Accidental or deliberate CBRN (Chemical, Biological, Radiological or Nuclear) events are considered as low probability events that might however have a big impact on citizens and society. In this context, the early detection and identification of CBRN hazards in a standardized way is of high importance. First responders are introducing new technologies, from which the use of drones (or UAV: Unmanned Aerial Vehicles), equipped with a number of sensors, is one of the very challenging topics to date. Drones have the potential to remotely investigate, in an efficient way and at locations difficult to reach by first responders, a large number of hazards at the scene. In this context mainly VTOL (Vertical Taking Off and Landing) drones are considered, operated by the first responders near the scene and allowing to hoover for more detailed investigations if required. However, the limited pay-load of these systems pose important challenges related to the required efficiency of the detection systems. The sensitivity of the sensors, operated in flight, should meet pre-defined operational detection levels, allowing to assess the exposure of first responders and citizens and to compare with certain health standards in real-time.
Within this Ph.D. topic the focus will be fully on RN sensors for alpha, beta and gamma detection and only direct measurements will be explored (no sampling). The characterization of the performance of detector systems coupled to drones and used in-flight poses several research challenges. Firstly, source – detector distances can be large and in addition sources can comprise large areas or volumes. This makes classical approaches such as standard Monte Carlo simulations very inefficient. Especially for configurations, such as a radioactive cloud inside a building or in the outside environment, originating from a dispersal device, little work has been done to date. Secondly, it is not known to what effect rotor movement would influence detection performance, especially for direct alpha and beta monitoring, since the limited range of these types of radiation. Finally, a moving detector poses opportunities, but also limitations such as the short measurement time at a certain location.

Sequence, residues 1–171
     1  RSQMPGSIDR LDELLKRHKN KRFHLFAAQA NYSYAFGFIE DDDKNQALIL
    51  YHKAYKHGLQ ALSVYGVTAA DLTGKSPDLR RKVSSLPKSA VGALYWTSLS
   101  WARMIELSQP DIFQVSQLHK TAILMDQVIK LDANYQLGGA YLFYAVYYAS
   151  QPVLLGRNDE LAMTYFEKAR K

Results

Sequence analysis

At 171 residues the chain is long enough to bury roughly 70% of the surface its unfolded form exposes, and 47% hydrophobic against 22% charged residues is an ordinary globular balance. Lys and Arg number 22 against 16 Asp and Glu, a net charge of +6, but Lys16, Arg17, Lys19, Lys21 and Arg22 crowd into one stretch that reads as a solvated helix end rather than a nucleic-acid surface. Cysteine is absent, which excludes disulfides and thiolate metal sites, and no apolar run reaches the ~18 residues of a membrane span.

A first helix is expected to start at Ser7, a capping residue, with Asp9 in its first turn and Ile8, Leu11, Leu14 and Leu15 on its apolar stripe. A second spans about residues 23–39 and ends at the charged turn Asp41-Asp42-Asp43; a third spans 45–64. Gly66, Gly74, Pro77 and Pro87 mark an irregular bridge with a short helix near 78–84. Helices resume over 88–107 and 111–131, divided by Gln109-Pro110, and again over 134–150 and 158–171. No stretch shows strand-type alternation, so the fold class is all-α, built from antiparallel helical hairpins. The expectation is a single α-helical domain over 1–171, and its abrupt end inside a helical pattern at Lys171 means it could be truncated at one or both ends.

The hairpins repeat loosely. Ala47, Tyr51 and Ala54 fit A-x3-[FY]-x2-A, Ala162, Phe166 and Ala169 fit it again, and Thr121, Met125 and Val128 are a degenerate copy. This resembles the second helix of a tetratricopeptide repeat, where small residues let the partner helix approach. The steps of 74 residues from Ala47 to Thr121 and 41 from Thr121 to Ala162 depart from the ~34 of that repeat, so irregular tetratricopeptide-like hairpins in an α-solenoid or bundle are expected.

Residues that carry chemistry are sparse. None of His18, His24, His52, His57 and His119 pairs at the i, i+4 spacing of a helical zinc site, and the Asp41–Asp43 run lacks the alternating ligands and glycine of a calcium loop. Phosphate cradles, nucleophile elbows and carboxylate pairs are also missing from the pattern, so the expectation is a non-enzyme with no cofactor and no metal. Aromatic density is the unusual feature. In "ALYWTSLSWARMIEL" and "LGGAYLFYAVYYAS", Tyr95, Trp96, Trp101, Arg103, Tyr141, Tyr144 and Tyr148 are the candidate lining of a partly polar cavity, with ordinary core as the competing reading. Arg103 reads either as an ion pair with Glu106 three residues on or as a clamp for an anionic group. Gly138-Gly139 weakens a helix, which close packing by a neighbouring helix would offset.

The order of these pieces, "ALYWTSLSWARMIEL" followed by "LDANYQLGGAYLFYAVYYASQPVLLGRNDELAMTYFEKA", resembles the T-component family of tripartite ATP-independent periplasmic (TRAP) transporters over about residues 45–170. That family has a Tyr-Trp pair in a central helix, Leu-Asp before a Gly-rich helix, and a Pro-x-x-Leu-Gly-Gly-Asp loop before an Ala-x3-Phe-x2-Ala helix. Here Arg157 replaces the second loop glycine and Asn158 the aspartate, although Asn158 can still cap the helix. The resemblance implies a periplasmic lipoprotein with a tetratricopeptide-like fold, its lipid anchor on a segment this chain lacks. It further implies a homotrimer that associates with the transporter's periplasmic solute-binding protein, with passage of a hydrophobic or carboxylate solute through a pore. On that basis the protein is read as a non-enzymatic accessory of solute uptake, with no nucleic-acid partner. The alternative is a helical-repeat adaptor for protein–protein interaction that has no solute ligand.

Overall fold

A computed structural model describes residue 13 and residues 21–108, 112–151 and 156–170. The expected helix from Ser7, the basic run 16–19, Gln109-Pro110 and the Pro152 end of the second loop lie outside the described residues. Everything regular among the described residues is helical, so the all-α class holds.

The overall goal of the Ph.D. would be to contribute to improve the calculation tools for simulating the RN detector response within the typical (and potential future) operational range of VTOL drones. Based on this, conceptual detector designs can be proposed and/or evaluated.
The Ph.D. work will start with the identification of a set of deliberate RN scenario’s ranging from radiological exposure devices to radiological dispersal devices. Based on these scenario’s and the potential hazards, the detection requirements will be determined. These detection requirements will be used as a reference for the evaluation of existing and proposed detection systems.
In parallel, a literature review will be made of existing detector response simulation methodologies for the different source detector geometries encountered in the RN scenarios identified and studied.
The main part of the PhD will concentrate on the development of improved methods for the simulation of source–detector geometries encountered in RN drone monitoring. These methods will include Monte Carlo techniques, but analytical techniques are not excluded. Detection systems and monitoring methodologies, including possible flight plans, will be designed for selected scenario’s to demonstrate the usefulness of the methods developed and/or as an iterative process in the research towards improved simulation methodologies.
In addition, finite element simulations, using COMSOL MultiPhysics or another similar package, will be undertaken to study the effect of rotor movement on radionuclide concentrations near possible detector locations on the drone, to estimate the effect on direct alpha and beta detections and complement the radiation transport simulations and methodologies.
SCK•CEN started recently some experimental R&D work on drones, by coupling a small volume gamma-spectrometry detector to a drone, in a first phase mainly to map radioactive ground contaminations and/or locate a radioactive source. Experience from this work, which is expected to be gained in the next years, can be used within the Ph.D. to test and validate some of the numerical simulations methods.